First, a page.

This complex effort is crucial to produce the clinical data required by drug companies before they will consider developing a leishmaniasis treatment, for example, in contrast with the approach to a promising cancer drug, which may draw industry interest at the preclinical stage.
“If I didn’t do it, it just wouldn’t get done,” says Matlashewski. Leishmaniasis was the subject of 69 articles in the Nature Index for 2015–20, compared with 1,545 for HIV/AIDS, the most-studied disease over the period based on its Nature Index article Count.
The hurdles are higher for NTD researchers in disease-endemic countries. Wanji notes that African researchers receive no more than 0.1% of global research funding. A key component of this problem is the lack of laboratory infrastructure outside major research institutions as well as a shortage of trained staff.
A 2018 survey by the Collaboration for Research in Africa found that 80% of sub-Saharan academics had been compelled at some point to work without pay. And for scientists who do win support, their first grant may turn out to be their last, because they lack the resources to produce the deliverables expected by their funders.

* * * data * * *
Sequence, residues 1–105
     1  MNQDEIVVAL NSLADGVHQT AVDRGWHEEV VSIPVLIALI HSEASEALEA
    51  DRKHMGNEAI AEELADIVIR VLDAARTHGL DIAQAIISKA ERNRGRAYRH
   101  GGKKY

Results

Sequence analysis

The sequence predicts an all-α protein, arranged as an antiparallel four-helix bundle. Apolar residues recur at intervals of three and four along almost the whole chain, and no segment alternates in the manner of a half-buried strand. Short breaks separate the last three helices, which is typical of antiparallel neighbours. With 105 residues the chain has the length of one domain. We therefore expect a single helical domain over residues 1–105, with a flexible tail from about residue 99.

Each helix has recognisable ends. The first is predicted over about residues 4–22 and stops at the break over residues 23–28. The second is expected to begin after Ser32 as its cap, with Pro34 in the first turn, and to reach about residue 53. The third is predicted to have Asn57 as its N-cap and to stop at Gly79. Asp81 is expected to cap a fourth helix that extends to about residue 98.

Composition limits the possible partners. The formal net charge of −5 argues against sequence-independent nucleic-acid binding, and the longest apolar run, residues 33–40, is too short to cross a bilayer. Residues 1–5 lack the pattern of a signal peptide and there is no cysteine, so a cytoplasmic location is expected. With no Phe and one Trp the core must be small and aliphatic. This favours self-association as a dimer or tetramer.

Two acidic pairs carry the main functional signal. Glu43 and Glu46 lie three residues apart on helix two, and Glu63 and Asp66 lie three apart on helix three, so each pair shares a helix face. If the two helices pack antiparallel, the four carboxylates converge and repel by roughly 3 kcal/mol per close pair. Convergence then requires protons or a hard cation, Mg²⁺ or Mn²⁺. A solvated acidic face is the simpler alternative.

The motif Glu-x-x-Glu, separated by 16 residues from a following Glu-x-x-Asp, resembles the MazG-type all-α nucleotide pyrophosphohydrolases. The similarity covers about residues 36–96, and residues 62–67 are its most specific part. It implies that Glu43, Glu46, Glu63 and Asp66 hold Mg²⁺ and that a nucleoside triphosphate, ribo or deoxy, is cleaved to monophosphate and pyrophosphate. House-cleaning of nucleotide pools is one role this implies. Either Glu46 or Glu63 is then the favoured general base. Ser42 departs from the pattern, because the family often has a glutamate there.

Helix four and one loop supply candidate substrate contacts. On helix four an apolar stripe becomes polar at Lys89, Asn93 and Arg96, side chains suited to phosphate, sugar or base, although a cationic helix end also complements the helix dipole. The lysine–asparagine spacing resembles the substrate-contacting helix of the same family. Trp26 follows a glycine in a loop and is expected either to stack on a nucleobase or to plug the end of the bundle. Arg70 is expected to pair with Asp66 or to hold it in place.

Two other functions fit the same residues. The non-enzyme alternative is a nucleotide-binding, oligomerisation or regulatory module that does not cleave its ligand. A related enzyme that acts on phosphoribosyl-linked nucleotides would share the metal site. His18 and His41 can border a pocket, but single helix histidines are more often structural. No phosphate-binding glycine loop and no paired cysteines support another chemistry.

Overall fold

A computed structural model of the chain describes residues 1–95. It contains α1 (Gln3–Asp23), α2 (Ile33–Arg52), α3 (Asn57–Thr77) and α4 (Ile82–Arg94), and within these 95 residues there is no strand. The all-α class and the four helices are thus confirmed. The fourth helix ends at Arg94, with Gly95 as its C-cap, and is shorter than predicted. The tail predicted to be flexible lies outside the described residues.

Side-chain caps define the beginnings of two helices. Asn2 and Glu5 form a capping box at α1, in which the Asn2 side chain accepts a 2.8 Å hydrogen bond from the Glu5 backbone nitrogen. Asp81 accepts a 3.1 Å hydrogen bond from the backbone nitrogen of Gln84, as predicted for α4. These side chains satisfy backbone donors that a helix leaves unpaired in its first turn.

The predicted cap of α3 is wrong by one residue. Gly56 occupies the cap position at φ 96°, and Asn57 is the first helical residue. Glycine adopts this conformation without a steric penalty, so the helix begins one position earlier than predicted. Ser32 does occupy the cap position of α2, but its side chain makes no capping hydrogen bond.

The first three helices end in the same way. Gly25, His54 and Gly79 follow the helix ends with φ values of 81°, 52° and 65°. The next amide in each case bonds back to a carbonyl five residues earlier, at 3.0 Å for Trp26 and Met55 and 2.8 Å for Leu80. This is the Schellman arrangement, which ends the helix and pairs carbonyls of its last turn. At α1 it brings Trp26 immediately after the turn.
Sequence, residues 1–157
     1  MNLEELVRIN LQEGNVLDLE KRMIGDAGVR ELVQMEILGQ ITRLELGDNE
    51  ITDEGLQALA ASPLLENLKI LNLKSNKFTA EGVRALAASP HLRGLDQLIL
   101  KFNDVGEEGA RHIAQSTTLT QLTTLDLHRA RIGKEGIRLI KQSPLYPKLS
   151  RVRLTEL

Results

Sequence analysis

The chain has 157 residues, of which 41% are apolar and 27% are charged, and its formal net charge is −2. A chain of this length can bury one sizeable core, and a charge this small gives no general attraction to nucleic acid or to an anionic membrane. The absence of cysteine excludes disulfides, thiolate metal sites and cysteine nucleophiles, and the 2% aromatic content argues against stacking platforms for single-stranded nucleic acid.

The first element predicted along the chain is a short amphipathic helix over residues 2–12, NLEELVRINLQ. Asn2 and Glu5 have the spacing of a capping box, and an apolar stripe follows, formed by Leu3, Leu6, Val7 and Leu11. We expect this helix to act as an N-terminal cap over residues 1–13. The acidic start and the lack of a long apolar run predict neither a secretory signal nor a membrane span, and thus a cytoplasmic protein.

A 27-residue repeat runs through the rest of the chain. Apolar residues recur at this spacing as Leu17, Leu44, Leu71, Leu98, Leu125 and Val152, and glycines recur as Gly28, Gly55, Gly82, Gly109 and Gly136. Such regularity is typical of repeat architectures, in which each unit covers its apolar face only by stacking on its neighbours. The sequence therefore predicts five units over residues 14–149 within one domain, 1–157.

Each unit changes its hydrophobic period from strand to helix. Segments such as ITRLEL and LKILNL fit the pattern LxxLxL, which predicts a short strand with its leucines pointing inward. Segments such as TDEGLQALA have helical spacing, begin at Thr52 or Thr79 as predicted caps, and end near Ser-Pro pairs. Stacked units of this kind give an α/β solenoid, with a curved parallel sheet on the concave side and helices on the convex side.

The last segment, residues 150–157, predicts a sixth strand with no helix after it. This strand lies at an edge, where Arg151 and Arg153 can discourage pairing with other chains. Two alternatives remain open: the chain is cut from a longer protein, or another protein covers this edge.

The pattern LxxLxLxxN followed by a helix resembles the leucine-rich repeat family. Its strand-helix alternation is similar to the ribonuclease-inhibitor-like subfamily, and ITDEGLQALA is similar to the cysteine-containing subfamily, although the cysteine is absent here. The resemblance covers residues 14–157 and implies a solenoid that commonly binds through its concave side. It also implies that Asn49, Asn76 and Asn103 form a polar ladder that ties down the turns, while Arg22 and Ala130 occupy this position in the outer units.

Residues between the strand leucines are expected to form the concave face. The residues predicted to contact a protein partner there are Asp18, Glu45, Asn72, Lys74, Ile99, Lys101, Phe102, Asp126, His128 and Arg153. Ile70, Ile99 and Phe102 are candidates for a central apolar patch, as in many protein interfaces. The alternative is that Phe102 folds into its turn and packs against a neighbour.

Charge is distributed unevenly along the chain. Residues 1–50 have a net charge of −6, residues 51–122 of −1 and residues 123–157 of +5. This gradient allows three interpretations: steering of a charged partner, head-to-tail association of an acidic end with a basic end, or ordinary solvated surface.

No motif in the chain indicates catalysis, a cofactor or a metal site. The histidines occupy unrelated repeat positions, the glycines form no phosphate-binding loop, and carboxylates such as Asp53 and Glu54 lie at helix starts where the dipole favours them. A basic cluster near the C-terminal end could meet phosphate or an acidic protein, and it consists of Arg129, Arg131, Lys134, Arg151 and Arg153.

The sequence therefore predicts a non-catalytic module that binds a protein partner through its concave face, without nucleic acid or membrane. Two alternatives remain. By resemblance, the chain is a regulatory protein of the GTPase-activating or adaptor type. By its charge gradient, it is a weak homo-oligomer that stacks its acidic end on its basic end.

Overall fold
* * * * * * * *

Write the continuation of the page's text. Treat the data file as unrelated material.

As a consequence, says Wanji, many African scientists trying to go it alone ultimately quit or leave to work abroad.
“I’ve been successful by working with networks of researchers based in Europe or America, where we make synergy to look for funds,” he says.
These relationships can be highly fruitful. For example, Wanji is part of the Onchocerciasis Vaccine for Africa (TOVA) Initiative, a multinational effort to develop a protective shot that might accelerate the elimination of the tenacious disease.